Let's Get Physical

How to modify your tools to prevent pain at the bench.

Kelly Rae Chi
Dec 31, 2008

If you're like most researchers, as you plan experiments, chances are your to-do list takes precedence over your comfort. Bench work has a long history of causing physical woes, and as new technologies push the definition of "high-throughput," an increasing number of labs are becoming more like assembly lines. Even with better automation, ergonomics problems are on the rise in the lab, says David Rempel, a researcher in occupational medicine from the University of California, San Francisco.

That's because many labs are ill-equipped for the increase in efficiency. "The problem is, when someone sets up the lab environment, those decisions, rarely, if ever, involve ergonomics decisions," says Blake McGowan, senior consultant and ergonomics engineer at Humantech, a company in Ann Arbor, Mich. From heavy culture plates and liquid containers in large, automated labs to hours-long microscope work and the use of small forceps or other tools that increase pinch forces on hand muscles, to repetitive strain injuries caused by pipetting, the bench can be a danger zone for backs, shoulders, and hands. For lab workers with medical conditions such as arthritis, routine tasks such as gripping large bottles and twisting handles can be painful enough to spur thoughts of switching professions.

The good news is that there are ways to eliminate the discomfort, and much can be done at little cost. The Scientist sought out some unexpected and inexpensive solutions for ergonomics problems in the lab. Here's what we found:

Squeeze extension

Task: Multiple runs of gel electrophoresis

Troubleshooter: Blake McGowan, senior consultant and ergonomics engineer at Humantech, Ann Arbor, Mich.

Problem: Researchers in a large medical diagnostic company were repeatedly squeezing 1-inch binder clips to clamp glass plates to an electrophoresis apparatus. They needed the tension for clamping the plates, but repeating the clamping motion as many as 100 times a day was creating discomfort.

Solution: McGowan went to the lab and measured the actual force it takes to grip the clamp, as well as the forces the clamp exerted onto the plates. He first tried several types of manufactured clamps, but the pinch forces proved to be just as high. So he designed extensions to the binder clips to give the researchers more leverage, thus reducing carpal tunnel syndrome symptoms.

The extension is 2-inch long by 1⁄2-inch wide piece of plastic that fits over the top of the metal binder clip and is fastened with a screw.

Costs: $40 to custom manufacture at a machine shop

Power grip

Task: Manipulating and characterizing fruit flies under a microscope

Troubleshooter: Mallory Lynch, certified professional ergonomist at the University of California, Berkeley

Problem: When examining anesthetized flies researchers had to continually shift the CO2 mat below the flies, resulting in an awkward position for their left hands. Using their right hands, they held small paintbrushes to move the flies on the mat, resulting in a small pinch grip.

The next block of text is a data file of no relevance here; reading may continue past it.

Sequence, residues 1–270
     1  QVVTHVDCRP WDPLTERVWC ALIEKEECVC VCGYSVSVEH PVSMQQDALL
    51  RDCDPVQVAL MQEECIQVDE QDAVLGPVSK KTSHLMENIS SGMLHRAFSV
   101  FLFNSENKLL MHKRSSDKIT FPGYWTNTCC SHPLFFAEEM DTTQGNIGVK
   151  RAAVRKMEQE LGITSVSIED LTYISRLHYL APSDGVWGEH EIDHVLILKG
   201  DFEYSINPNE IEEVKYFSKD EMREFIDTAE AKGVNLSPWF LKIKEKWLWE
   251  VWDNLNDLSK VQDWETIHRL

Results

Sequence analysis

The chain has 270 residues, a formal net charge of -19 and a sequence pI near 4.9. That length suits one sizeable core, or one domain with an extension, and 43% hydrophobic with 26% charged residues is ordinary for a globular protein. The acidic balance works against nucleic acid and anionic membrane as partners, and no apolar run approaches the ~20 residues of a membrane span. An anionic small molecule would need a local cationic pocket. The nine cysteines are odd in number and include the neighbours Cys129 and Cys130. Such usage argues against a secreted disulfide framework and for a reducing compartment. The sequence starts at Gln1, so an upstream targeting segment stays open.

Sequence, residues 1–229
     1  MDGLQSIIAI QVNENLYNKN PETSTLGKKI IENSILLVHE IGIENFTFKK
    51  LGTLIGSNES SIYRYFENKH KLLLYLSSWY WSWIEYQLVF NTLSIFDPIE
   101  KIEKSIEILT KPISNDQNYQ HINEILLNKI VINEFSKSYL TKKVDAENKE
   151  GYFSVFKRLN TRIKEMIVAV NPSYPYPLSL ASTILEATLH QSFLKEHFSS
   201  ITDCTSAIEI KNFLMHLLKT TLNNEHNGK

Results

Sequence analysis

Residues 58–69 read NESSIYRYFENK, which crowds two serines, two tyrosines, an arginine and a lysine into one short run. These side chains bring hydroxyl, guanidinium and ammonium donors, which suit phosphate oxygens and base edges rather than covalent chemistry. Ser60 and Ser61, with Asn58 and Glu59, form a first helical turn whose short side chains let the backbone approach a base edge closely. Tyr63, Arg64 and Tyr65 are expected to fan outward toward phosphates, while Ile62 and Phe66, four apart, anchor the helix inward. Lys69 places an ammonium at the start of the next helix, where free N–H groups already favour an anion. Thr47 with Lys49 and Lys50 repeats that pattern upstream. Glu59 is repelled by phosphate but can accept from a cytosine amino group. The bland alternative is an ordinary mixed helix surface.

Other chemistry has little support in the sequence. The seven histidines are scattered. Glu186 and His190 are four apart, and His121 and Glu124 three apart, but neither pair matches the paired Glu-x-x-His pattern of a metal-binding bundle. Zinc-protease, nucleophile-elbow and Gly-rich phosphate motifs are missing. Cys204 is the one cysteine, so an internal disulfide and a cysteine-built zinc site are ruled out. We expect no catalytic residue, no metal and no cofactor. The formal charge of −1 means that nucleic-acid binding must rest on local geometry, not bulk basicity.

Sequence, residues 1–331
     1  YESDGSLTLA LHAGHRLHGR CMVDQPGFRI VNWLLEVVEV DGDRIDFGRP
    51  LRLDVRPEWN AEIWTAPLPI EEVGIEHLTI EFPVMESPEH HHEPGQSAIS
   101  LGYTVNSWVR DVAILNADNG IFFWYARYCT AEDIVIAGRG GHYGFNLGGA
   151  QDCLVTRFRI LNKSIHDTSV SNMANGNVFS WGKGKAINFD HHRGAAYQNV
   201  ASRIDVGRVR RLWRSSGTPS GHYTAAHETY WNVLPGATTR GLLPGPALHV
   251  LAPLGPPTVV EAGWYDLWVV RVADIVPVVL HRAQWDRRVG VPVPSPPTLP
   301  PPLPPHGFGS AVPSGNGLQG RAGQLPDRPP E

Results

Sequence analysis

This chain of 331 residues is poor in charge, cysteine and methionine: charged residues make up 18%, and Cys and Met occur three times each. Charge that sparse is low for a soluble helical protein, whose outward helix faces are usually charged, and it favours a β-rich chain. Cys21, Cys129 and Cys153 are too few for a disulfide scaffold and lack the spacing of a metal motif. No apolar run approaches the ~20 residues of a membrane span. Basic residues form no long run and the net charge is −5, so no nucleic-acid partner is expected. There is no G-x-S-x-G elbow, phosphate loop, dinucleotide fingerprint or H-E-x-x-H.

The postures were difficult but necessary to sustain for several hours. The group sought Lynch's help in order to prevent injury from hand strain.

Solution: To prevent the researchers from having to open and extend their left fingers, Lynch tried a few different variations. First, she extended the left side of the CO2 mat by about three inches, using a piece of plastic fastened to the pad using Velcro. Then, Lynch tried several different grips that she attached to the extension: a wooden drawer knob, a 2-inch slice of a Styrofoam water noodle, or a plastic loop workers could fit their left thumbs through.

"The foam seemed to work pretty well, but if it was cut too small it was awkward," Lynch says, adding that people's favorites seemed to vary.

On the right hand, Lynch modified the grip on the paintbrush, changing it from a "pinch grip" to a "power grip"—much like how a person might grip a hammer. A piece of plastizote foam served as the new handle, and she glued it at a 45 degree angle to the handle of the paintbrush.

Costs: Materials can be purchased at a hardware store for under $20, and the plastic mat extension was custom cut for $4.

Wet lab toolkit

Task: Synthesizing natural compounds; tasks involve filtrations and pouring and lifting jars of liquid

Troubleshooter: Sherry Chavez, graduate student at the University of Utah, Salt Lake City

Problem: Chavez has rheumatoid arthritis, which affects her hands, elbows, and hips. She needed easy and inexpensive fixes for filtering and pouring solutions.

Solution: With some help from friends, Chavez designed several tools, including a stopcock adaptor, hood knob handles and a bottle handle, that help to reduce the strain on her wrists and fingers when she grips and turns objects.